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should I be concerned....

Posted by auntevie (My Page) on
Mon, Sep 7, 09 at 21:49

I have a gas fireplace in an apartment. However, every time we use it the smoke alarm goes off after about 10-15 minutes. I cant smell or see any smoke. The room is really small and does get warmer but by no means gets hot. The smoke alarm is located across the room on the ceiling and otherwise (I am assuming) is working fine. It drives me crazy not only because we cant use the fireplace but also because I am afraid it could be dangerous. Anyone have any ideas what could be causing this and if it could be dangerous? Thanks!!


Follow-Up Postings:

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RE: should I be concerned....

This might be a COMBO smoke/CO alarm. (Carbon Monoxide).

Is the gas fireplace vented to the outside, or is it a ventless type??

If this is a combo alarm, or just a CO alarm - you need to immediately have the fireplace repaired by a qualified individual in order to be able to use it.

If this is just a smoke alarm (smoke alarms are particulate based / fire alarms are heat based - (rapid temperature increase)) - you still have some sort of problem going on.

A ventless fireplace has an low oxygen sensor on it; but you still have to be aware of CO and combustion byproducts. A ventless unit - ALL compbustion byproducts and generated heat are deposited into the room.

A vented unit should have an outside vent; and room air, and combustion air should be totally separate. Combustion air should not be in the room at all, in any way shape or form - with a vented unit. These function somewhat like a small furnace.

Ventless units are supposed to be extremely efficient - which is why they can be 'ventless'. It is a good idea, on ventless - to have a window open slightly when operating.

You DO have a problem with the fireplace - since the 'smoke' alarm is going off when you turn the GAS fireplace on... A wood burning fireplace can have chimney height issues, draft issues, etc, which could cause a smoke alarm to go off - with an actual wood burning fireplace - a smoke alarm going off - would not necessarily be an actual true health safety problem. But would indicate that the chimney has some sort of draft problem. (Plenty of wood burning fireplaces do have draft problems.)

A GAS fireplace does not have these type of problems. And the functioning of this gas fireplace needs to be repaired by a qualified individual asap.

A gas fireplace burner installed into a wood burning fireplace box - could be not burning cleanly - and having particulates going into the room... sort of like a wood burning unit.

If this is a gas fireplace vented unit; and not a ventless or a wood burning converted unit - you could check, and see if a vent is clogged by a birds nest or something. The sealing of these things is not watertight. They work somewhat on the principle of "least resistance". (combustion air is kept separate by pipes; but these pipes are mostly just tight fitted together - they don't have a bunch of sealant. And a burning fire is looking for air to burn...) So if a vent is visibily clogged; your clearing of the vent might easily solve your problem. But if you don't see anything obviously wrong when looking at a vent - get it repaired. (or don't use.)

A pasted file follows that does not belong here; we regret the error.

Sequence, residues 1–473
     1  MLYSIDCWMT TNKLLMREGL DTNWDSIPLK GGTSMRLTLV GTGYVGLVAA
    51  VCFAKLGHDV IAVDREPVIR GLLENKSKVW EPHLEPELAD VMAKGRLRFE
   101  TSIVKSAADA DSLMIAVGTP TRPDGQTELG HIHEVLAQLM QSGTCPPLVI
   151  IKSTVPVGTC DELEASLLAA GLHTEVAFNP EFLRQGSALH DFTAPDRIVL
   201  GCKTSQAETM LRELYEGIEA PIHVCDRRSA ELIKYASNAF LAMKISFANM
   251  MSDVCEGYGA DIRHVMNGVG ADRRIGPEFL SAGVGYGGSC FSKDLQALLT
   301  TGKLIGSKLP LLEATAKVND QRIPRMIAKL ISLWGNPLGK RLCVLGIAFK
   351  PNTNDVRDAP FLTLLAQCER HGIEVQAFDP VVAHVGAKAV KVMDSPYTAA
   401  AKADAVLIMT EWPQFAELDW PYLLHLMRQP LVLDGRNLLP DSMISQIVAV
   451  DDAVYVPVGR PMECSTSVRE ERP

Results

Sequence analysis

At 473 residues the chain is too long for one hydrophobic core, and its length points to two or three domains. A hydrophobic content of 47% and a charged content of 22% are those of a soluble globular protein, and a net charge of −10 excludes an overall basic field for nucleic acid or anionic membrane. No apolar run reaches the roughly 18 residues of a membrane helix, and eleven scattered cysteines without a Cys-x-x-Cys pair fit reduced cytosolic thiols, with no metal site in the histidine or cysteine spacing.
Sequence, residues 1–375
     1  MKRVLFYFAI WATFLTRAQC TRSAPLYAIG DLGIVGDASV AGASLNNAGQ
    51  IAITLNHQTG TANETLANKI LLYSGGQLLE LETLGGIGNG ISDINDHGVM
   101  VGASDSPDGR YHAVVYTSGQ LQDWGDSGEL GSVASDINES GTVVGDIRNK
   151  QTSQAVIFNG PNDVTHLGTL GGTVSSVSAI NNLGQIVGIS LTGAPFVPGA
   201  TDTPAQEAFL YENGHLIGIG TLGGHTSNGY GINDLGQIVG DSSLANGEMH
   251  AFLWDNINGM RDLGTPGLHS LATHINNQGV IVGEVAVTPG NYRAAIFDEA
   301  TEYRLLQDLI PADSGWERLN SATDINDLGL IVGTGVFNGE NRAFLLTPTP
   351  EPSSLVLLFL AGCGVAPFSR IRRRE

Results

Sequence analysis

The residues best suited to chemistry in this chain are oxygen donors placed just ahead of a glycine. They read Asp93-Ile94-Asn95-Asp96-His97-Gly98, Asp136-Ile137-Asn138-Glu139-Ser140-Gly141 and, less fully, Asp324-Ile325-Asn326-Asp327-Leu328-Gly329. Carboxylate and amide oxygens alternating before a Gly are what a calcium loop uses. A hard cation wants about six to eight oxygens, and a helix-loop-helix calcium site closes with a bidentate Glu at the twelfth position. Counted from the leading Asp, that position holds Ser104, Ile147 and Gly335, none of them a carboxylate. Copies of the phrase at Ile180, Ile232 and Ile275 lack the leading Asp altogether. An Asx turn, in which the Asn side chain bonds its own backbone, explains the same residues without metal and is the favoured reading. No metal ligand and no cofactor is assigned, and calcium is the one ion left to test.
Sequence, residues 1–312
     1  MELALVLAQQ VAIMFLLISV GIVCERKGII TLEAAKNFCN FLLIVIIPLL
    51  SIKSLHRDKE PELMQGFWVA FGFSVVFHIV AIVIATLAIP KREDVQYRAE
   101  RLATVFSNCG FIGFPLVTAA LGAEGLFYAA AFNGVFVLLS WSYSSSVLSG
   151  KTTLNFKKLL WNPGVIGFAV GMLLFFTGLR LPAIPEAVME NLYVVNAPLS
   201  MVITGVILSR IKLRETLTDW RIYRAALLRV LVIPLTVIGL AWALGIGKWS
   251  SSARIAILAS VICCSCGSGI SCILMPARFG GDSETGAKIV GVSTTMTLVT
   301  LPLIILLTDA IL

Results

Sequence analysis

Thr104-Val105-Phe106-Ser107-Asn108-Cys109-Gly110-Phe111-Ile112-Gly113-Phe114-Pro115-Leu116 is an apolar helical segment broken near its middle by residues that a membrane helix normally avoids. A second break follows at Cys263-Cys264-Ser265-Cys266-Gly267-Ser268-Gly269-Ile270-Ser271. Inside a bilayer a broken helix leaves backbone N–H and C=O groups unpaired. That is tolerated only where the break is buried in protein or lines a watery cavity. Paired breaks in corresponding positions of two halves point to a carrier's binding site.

Plus - CO or Carbon Monoixide - is COLORLESS - you WON'T see it.

And has NO SMELL. You won't SMELL it. It is COMPLETELY INVISIBLE to ALL of your senses.

Your red blood cells will bond to it more easily than oxygen. And it can kill you quite easily. Poison you very slowly.

If your fire alarm is a combo unit (smoke and CO) that is a great saftey feature for you; and again - your fireplace would need work like what I suggested above.

Mostly - it sounds like this needs some sort of repair, and this does concern your safety and health.


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RE: should I be concerned....

Dave

THANKS SO MUCH for the response! I am printing it out and bringing it to the apartment office. I want to use the fireplace this winter and dont want to turn it on again until I know it is perfectly safe. btw, I am pretty sure it is a vented fireplace.

One more question tho...can we get carbon monoxide poisoning when the fireplace is turned off, just from the burning of the pilot light, if the vent is blocked?

THANKS!


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RE: should I be concerned....

Pilot Light -

Technically - Yes. Reality - No.

The pilot light would be similar to burning a candle. We don't worry about the CO when burning candles. The amount is very small - which is why if you have a combo Smoke/CO detector - it doesn't go off from the pilot light.

The Fireplace consumes a lot more air. Possibly the double wall pipe has a hole in it. Somethings wrong.

Your welcome. Let us know what's done to fix it... Have a great day.


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